Ticks carrying disease are found across the UK in both town and countryside, noy just Silverglades!

Not all ticks are infected – infection rate in any place in the UK varies from zero to about 15%

Ticks can be very small and can go unnoticed

Most active March to October, but they can be active on mild winter days

You will not feel the tick attach to you, so check your skin

To download a leaflet explaining how remove a tick safely, without squashing it, click here

For more advice on ticks and Lyme disease, click here

Removing a tick

Your main aims are to remove the tick promptly, to remove all parts of the tick’s body and to prevent it releasing additional saliva or regurgitating its stomach contents into your bite wound.

DO use a proprietary tick removal tool* (available from this website or many vets and pet shops), and follow the instructions provided. Two common types of removal tool available are illustrated on this page; the hook and the loop are designed to be twisted to facilitate removal.
These tools will grip the head of the tick without squashing the body.

* Alternative Methods : With pointed tweezers (not blunt eyebrow tweezers!) grasp the tick as close to the skin as possible; without squeezing the tick’s body, pull the tick out without twisting (it is difficult to twist tweezers without separating the tick’s head from its body) – there may be considerable resistance.

Illustrations are for general guidance and do not represent any particular species.

If no tools are available, rather than delay use a fine thread, something like cotton or dental flossTie a single loop of thread around the tick’s mouthparts, as close to the skin as possible, then pull upwards and outwards without twisting.

DO start by cleansing the tweezers/tool with antiseptic. After tick removal, cleanse the bite site and the tool with antiseptic.

DO wash hands thoroughly afterwards.

DO save the tick in a container in case a doctor asks for evidence that you have been bitten (label it with date and location). Public Health England is also currently running a scheme to investigate ticks – see below.

DO NOT squeeze the body of the tick, as this may cause the head and body to separate, leaving the head embedded in your skin.

DO NOT use your fingernails to remove a tick. Infection can enter via any breaks in your skin, e.g. close to the fingernail.

DO NOT crush the tick’s body, as this may cause it to regurgitate its infected stomach contents into the bite wound. See this graphic animation of what can happen, courtesy of the Lyme Borreliosis Foundation, Hungary.

DO NOT try to burn the tick off, apply petroleum jelly, nail polish or any other chemical. Any of these methods can cause discomfort to the tick, resulting in regurgitation, or saliva release.

After you have removed your tick, kill it by crushing it and flushing it down the toilet, or by folding it in a strip of sticky tape and placing it in the waste. Be aware that engorged ticks will contain potentially infected blood, which may splatter when crushed. Do not crush the tick with your fingers and do not allow the crushed tick or the blood it carried to contact your skin.

Lyme Disease

Lyme disease is an infectious disease caused by a bacterium

It can be transmitted to humans by the bite of an infected tick.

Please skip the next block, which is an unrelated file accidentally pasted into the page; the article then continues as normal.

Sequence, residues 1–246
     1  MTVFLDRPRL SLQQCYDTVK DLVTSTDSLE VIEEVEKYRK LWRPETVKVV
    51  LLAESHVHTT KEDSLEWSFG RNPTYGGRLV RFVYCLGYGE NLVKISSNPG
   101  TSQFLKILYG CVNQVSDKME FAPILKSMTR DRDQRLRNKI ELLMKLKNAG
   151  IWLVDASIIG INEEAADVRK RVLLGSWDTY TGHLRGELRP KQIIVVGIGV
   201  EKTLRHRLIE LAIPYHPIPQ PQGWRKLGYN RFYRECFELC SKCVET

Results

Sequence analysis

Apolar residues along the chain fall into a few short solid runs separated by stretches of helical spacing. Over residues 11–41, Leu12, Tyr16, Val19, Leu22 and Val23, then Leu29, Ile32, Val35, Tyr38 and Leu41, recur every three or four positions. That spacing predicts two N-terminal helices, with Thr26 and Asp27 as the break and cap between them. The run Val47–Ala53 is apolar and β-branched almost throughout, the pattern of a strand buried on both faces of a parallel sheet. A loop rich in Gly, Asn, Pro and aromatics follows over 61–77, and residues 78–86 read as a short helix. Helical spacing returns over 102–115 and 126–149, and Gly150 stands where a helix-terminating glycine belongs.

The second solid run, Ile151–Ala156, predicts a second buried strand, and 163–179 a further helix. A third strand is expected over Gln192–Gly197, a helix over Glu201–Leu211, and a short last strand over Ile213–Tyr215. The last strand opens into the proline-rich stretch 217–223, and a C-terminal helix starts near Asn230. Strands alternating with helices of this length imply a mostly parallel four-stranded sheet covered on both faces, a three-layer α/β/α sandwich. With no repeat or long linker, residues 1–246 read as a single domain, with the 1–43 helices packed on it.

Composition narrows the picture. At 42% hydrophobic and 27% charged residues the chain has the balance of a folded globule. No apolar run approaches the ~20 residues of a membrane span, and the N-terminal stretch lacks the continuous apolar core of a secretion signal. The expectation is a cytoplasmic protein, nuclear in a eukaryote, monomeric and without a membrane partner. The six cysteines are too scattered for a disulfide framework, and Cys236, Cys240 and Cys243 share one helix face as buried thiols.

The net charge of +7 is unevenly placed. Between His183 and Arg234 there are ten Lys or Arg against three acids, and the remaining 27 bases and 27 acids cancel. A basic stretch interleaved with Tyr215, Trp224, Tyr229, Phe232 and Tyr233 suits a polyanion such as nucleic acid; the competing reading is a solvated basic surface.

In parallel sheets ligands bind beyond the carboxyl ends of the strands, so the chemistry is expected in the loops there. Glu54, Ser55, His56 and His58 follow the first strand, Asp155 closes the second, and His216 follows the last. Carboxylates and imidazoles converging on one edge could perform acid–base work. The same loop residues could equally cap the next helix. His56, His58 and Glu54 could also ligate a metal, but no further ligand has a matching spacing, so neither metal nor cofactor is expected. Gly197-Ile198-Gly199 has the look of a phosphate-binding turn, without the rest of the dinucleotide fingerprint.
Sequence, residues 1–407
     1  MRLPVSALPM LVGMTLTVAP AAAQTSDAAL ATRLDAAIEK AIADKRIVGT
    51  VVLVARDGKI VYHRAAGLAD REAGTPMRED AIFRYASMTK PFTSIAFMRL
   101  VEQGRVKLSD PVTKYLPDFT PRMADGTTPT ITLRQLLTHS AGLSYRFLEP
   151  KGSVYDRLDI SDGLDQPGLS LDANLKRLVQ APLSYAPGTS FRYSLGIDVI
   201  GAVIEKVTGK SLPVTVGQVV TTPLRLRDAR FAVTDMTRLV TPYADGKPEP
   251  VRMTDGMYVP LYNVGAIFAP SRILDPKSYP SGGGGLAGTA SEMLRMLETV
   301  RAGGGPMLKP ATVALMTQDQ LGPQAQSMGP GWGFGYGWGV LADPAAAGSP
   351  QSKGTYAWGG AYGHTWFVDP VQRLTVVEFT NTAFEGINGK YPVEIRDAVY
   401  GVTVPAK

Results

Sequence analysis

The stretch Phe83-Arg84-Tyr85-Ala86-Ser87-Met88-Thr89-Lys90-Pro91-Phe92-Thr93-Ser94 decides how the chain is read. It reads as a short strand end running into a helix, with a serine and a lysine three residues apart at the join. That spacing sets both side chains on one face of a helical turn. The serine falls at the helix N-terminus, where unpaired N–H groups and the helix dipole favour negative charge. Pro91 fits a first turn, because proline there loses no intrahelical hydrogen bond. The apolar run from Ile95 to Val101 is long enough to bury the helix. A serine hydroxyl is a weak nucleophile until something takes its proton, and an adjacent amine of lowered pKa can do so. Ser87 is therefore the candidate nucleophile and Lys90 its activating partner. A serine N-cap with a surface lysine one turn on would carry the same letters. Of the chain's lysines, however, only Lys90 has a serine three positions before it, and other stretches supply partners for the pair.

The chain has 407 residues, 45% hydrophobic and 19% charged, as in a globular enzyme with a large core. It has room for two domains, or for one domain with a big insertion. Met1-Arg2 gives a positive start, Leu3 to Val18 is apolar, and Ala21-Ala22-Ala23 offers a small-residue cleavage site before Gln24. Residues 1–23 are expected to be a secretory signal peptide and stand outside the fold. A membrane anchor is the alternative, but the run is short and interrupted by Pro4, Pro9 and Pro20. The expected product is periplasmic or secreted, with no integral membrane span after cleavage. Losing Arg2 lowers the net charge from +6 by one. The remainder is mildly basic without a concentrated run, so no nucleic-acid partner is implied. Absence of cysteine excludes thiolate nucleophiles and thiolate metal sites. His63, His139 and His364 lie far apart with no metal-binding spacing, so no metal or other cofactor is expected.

It has a clinical diagnosis.

It cannot be confidently ruled out by any current test.

It can be difficult to diagnose

Lyme disease symptoms overlap with those of many other diseases.

Early symptoms may include headache, fatigue, fever, facial palsy and a skin rash called erythema migrans.

It may spread to affect the whole body including eyes, joints, heart and brain.

If inadequately treated or treated late, it may be difficult to cure.

Lyme disease is treated with antibiotics.

Lyme disease-carrying ticks can be found throughout the UK in urban parks and gardens as well as in the countryside.


Symptoms of Lyme Disease may include:

Feeling unwell

Flu-like symptom

Extreme fatigue

Muscle/Joint pain

Muscle weakness

Upset digestive system


Disturbances of the nervous system

Poor sleep

Sometimes a ‘Bull’s eye’ rash


Come and join us!

Morecambe Bay Naturist Club ( continues to welcome new members.

Our 10 acre site Silverglades, with its woods, wild flower meadow, small private glades and lawns, and main lawn for socialising, picnics or barbecue, is in the beautiful village of Silverdale, 10 miles north of Lancaster. An ideal place to lie in the sun, or maybe walk along our woodland trails.

Day visits (£5) by non-members are possible, but a full year at Silverglades for a couple/family is only £70 + £16 joining fee (£55 + £10 for singles), so membership is great value! Our next Open Days for prospective members are 16/03/19 and 13/04/19 when your first visit will be free (arrange via our Secretary 07467 246690).

We accept tents and medium sized caravans or campers (sorry, no electrical hookups or piped water/waste).

MBNC – putting Nature back into Naturism!

2018 AGM

Our Annual General Meeting will be at 2pm on Saturday 08/09/18 at Silverglades.

The AGM is quite short and not too formal, don’t be shy and please come along. To encourage members to attend, we will lay on sandwiches and snacks, so please let me know whether or not you can attend (

This is your opportunity to hear what the club has been up to, to elect the committee, and have your say on how the club is run, so it will be good to see as many of you there as possible.

If you would like to help out by being on the committee, we have at least one vacancy. Please contact me if you’d like to serve. Committee meetings are held at Silverglades on the second Saturday of the month from March to October

Hope to see you at the AGM!



Morecambe Bay Naturist Club. Putting Nature back into Naturism

Page created 2018/09/02 last updated 2018/09/10/13:00 by Martin R